When dealing with a wedding of such high prestige, who would have thought the engagement announcement of Prince William and Kate Middleton would have taken place over Twitter?
The news broke via a 132-character tweet from the Clarence House: “The Prince of Wales is delighted to announce the engagement of Prince William to Miss Catherine Middleton.” The sheer informality of the announcement makes this an interesting PR conversation.
Within minutes of the royal tweet, press releases exploded in the global media. Many of them discussed the standard wedding information: date, dress, venue etc. But unsurprisingly, this was also used as a PR opportunity for businesses in many industries.
Since the last royal wedding was way back in 1981, this royal escapade created the first ever social media #RoyalWedding frenzy. Not only did this put a spotlight on Britain and the Royal Family as a whole, it also sprinkled love and romance throughout the media – oh and it opened up the door to using the royal wedding for shameless publicity purposes. Its clear these businesses wanted a piece of the metaphorical royal wedding cake too.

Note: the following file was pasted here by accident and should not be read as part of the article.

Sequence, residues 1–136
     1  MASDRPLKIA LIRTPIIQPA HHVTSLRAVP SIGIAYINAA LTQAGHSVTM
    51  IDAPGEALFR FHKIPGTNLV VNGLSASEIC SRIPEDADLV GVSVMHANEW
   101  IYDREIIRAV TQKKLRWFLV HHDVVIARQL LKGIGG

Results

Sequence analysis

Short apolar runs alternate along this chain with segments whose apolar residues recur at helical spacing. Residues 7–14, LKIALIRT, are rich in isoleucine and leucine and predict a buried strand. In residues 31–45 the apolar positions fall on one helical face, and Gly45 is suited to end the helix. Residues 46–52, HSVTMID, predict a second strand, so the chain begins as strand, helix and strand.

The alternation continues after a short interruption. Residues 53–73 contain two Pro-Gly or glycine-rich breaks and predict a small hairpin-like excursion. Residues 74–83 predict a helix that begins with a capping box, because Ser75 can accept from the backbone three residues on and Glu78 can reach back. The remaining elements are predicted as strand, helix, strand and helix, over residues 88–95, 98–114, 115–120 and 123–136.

Following the announcement, the No. Ten Manchester Street Hotel in London offered engaged couples named William and Kate chilled champagne and hot tea. T-Mobile released a video which featured their version of the royal wedding. This included royal look-a-likes dancing around and tons of brownie points (and probably new customers) for the timely ad. To top it all off, the food industry got involved and things got weird. Dunkin’ Donuts specially baked jelly-filled royal wedding donuts which paired nicely with Papa John’s royal pizza – an image of William and Kate recreated with pizza toppings.
Throughout the duration of the engagement, businesses world-wide took the opportunity to promote themselves through this ultra popular event. With the help of these bandwagon-ers, the royal wedding of Prince William and Miss Catherine became one of the hugest public relations magnets in royal history.